A phrase which came to define American involvement in Vietnam was mission creep. Successive US Presidents started out by sending small groups of advisers to the country; before you knew it thousands of US service personnel were fighting in the biggest conflict since 1945.

The USA vainly supported the non-Communist Republic of South Vietnam until its collapse in April 1975 with the eventual victory of the North Vietnamese. American fatalities were in the order of 58,220 – we’ll never know how many Vietnamese were killed or wounded.

The Vietnam war really scarred American public opinion and, coupled with the uncovering of the Watergate Scandal which led to President Nixon’s resignation from office in 1972, there was an impetus on the part of Congress to rein in the President’s powers.

Admittedly, in August 1964, Congress had authorised President Lyndon B. Johnson to “take all necessary measures to repel any armed attack against the forces of the United States and to prevent further aggression” by the Communist government of North Vietnam. This measure was known popularly as the Gulf of Tonkin Resolution. Arguably, President Johnson had engineered a military confrontation with the North Vietnamese in order to put pressure on Congress to support his strategy in South East Asia. Johnson himself said later that the Resolution was “like Grandma’s nightshirt – it covered everything.” The Resolution has often been misunderstood as giving Johnson a blank cheque to pursue his military aims against the North Vietnamese. Congress insisted that the Resolution would be passed on the proviso that the President would seek further authorisation if he planned to go to war with North Vietnam.

Obtaining Congressional approval

When US President George H W Bush Senior (1989-1993) put together the coalition to repel Iraqi forces illegally occupying Kuwait, he did so with the legal protection of a declaration of war from Congress and a United Nations’ resolution (No 678).

In 2003, his son, George W Bush, (President from 2001 until 2009), also gained the approval of the US Congress to invade Iraq. In the aftermath of the Al Qaida attacks on the USA on September 11 2001, President Bush had been given congressional authorisation to invade Afghanistan. The country had hosted Osama Bin Laden, the Al Qaida leader and the Taliban Government was sympathetic to the terror group’s aims.

Conclusion

President Trump has justified the assassination on the grounds that Major General Soleimani represented a ‘clear and present danger’ to the USA. As we might say in the UK, the President is arguing that he was acting legitimately in defence of the realm.

That said, there is now mounting criticism of the President’s actions – particularly from his opponents in the Democratic Party. Senior Democrats such as Nancy Pelosi, the Speaker of the House, and Chuck Schumer, Minority Leader in the Senate, were not briefed about the mission.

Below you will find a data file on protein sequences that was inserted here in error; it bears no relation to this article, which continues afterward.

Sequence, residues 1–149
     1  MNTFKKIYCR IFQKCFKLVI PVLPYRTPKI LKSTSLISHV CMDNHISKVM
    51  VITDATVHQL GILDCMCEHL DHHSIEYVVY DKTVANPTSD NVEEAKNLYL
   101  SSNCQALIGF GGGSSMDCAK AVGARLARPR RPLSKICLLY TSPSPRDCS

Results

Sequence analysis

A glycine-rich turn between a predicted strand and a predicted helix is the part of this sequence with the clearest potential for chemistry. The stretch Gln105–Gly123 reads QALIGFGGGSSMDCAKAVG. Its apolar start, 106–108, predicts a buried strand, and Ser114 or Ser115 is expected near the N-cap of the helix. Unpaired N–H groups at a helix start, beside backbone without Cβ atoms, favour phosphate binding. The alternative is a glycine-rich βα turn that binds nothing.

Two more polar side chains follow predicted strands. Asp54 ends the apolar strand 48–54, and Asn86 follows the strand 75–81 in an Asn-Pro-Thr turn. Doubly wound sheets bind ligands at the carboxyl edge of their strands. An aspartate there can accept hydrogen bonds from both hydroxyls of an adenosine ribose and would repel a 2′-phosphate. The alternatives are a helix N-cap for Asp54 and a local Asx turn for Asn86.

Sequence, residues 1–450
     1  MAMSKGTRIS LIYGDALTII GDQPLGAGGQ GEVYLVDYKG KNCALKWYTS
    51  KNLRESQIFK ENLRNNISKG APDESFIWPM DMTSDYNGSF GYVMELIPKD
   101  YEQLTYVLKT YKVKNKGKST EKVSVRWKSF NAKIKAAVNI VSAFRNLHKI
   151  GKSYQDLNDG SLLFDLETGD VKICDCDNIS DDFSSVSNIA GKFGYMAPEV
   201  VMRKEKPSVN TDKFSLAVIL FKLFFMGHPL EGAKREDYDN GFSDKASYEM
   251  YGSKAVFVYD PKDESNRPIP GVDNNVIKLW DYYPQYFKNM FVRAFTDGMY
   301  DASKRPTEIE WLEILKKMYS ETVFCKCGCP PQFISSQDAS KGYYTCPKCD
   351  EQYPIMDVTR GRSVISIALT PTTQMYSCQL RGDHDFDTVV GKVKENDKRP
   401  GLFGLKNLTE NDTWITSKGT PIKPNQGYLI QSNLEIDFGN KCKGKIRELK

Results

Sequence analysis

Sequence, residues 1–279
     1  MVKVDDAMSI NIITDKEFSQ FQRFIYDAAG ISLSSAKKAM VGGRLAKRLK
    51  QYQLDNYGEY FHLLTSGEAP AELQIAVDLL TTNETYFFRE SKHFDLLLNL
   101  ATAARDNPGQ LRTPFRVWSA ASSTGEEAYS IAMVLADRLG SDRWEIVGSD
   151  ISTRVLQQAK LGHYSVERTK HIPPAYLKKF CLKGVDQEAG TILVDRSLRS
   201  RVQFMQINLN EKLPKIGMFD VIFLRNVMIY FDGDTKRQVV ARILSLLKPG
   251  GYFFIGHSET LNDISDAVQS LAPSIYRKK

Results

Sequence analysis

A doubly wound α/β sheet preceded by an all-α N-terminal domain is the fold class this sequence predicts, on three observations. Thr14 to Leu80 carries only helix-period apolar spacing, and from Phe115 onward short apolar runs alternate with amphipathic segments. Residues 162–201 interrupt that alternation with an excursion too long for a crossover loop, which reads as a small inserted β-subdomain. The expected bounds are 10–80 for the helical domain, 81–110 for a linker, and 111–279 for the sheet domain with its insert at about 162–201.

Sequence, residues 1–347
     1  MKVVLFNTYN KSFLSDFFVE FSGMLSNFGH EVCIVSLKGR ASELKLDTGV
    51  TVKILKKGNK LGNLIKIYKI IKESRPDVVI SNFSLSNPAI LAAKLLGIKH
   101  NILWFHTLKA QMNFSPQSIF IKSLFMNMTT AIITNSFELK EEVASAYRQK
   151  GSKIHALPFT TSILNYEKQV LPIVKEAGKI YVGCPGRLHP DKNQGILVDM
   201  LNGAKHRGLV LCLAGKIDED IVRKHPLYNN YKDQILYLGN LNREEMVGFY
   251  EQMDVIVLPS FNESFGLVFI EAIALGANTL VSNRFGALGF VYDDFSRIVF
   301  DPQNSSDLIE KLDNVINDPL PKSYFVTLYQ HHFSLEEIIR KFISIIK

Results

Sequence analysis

The War Powers Resolution (or Act) 1973 places an obligation on a US President to inform Congress within 48 hoursof committing the armed forces to take military action. By his own admission this is something that President Trump did not do – justifying this omission on the grounds that the operation would have been compromised had he done so. Admittedly, other US Presidents have not consulted with Congress when authorising military action – such as Bill Clinton did in 1998, when Tomahawk Cruise Missiles were launched at targets in Sudan and Afghanistan, and, again in 1999, when he ordered the bombing of Yugoslavia.

It has to be said Congress is pretty forgiving of Presidents when the military action is successful or the American public expresses its approval, but if not …

… just remember Vietnam which did for the career (and reputation) of President Lyndon B. Johnson (1963-69).

In the already febrile atmosphere of Washington DC, Congress can always impeach the President for high crimes and misdemeanours. Wait a minute: hasn’t this process already begun?

A link to an article in the New York Times explaining the background to Soleimani’s death can be found below:

Postscript

On Thursday 13 February 2020, the US Senate voted in favour of a resolution to limit President Donald Trump’s ability to take military action against Iran without first having obtained Congressional approval.

This measure was passed because 8 Republican Senators crossed the floor to vote with the Democrats. Nancy Pelosi, Speaker of the House of Representatives has stated that a vote on the resolution will now be held in the House.

A link to a report about the Senate vote in The New York Times can be found below:

https://www.nytimes.com/2020/02/13/us/politics/iran-war-powers-trump.html

Copyright Seán J Crossan, 6 January & 13 February 2020

Published by

sjcrossan1

A legal blog by the author of Introductory Scots Law: Theory & Practice (3rd Edition: 2017; Hodder Gibson) Sean J. Crossan BA (Hons), LLB (Hons), MSc, TQFE I have been teaching law in Higher and Further Education for nearly 25 years. I also worked as an employment law consultant in a Glasgow law firm for over a decade. I am also a trade union representative and continue to make full use of my legal background. I am a graduate and postgraduate of the Universities of Dundee, London and Strathclyde. Please note that this Blog provides a general commentary about issues in Scots Law. It is not intended as a substitute for in-depth legal advice. If you have a specific legal problem, you should always consult a suitably qualified Scottish solicitor who will be able to provide you with the support that you require.